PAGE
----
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  • Add the meatballs to the sauce and continue cooking for a further 8 minutes. Stir in the parsley and coriander. Carefully break the eggs into the sauce, cover the pan with a lid and cook until the eggs are just set, which will take about 5 minutes.

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  • Serve at once, straight from the pot.

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  • Malouf suggests liberally garnishing with radish leaves and flowers, and serving with plenty of Arabic flatbread to mop up the runny egg yolks. Alternatively, he proposes accompanying the tagine with a dish of plain buttered couscous and a dollop of thick natural yoghurt.
  • He also adds a note that those who enjoy a more piquant dish may add one finely chopped bullet chilli whilst sautéing the onion and garlic.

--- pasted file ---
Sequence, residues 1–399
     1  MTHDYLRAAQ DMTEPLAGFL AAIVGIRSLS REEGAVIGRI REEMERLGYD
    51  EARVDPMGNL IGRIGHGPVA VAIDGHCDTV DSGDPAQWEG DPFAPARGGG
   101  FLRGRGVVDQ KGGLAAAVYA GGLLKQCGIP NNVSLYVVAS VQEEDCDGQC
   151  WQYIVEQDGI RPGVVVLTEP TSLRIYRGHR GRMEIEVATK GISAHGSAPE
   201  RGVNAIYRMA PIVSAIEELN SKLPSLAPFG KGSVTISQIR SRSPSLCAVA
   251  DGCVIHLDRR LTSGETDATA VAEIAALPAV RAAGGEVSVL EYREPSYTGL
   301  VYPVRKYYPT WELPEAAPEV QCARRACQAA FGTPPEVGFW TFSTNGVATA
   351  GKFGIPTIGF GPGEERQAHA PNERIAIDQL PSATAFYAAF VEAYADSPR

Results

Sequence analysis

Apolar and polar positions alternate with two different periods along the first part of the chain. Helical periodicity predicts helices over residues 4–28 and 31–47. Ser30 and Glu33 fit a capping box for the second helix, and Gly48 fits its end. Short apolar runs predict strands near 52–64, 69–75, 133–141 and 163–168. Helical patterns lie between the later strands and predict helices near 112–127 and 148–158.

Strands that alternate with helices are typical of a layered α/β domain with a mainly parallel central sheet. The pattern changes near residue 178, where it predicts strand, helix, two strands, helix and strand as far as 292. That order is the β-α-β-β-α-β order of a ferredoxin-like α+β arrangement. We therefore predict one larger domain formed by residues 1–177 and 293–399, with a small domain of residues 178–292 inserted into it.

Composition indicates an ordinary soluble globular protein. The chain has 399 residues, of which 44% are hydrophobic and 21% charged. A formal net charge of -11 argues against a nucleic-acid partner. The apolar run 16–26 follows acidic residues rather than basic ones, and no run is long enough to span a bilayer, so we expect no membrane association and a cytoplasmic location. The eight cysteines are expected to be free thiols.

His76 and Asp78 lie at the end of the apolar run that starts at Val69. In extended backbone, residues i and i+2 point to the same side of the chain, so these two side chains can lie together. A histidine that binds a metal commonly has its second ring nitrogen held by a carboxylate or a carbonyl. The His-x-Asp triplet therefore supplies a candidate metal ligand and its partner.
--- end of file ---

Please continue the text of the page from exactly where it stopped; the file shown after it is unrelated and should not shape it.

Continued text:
We really enjoyed the dish, though found it a lot like a North Indian tomato-based curry in flavour. Reducing the volume of coriander leaves would probably alleviate this.

(Kuku-ye Sabzi) Soft Herb Omelette

Ingredients
2 tablespoons barberries, stems removed
1 cup chopped flat-leaf parsley leaves
1 cup chopped coriander leaves
1/2 cup chopped dill sprigs
1/2 cup snipped chives
50 ml olive oil
6-free range eggs
(optional) 2 tablespoons saffron liquid (a few strands of saffron soaked in a couple of tablespoons of boiling water)
1 tablespoon self-raising flour
(optional) 1/3 cup fenugreek leaves or 1/2 teaspoon fenugreek seeds, lightly crushed
1 teaspoon sea salt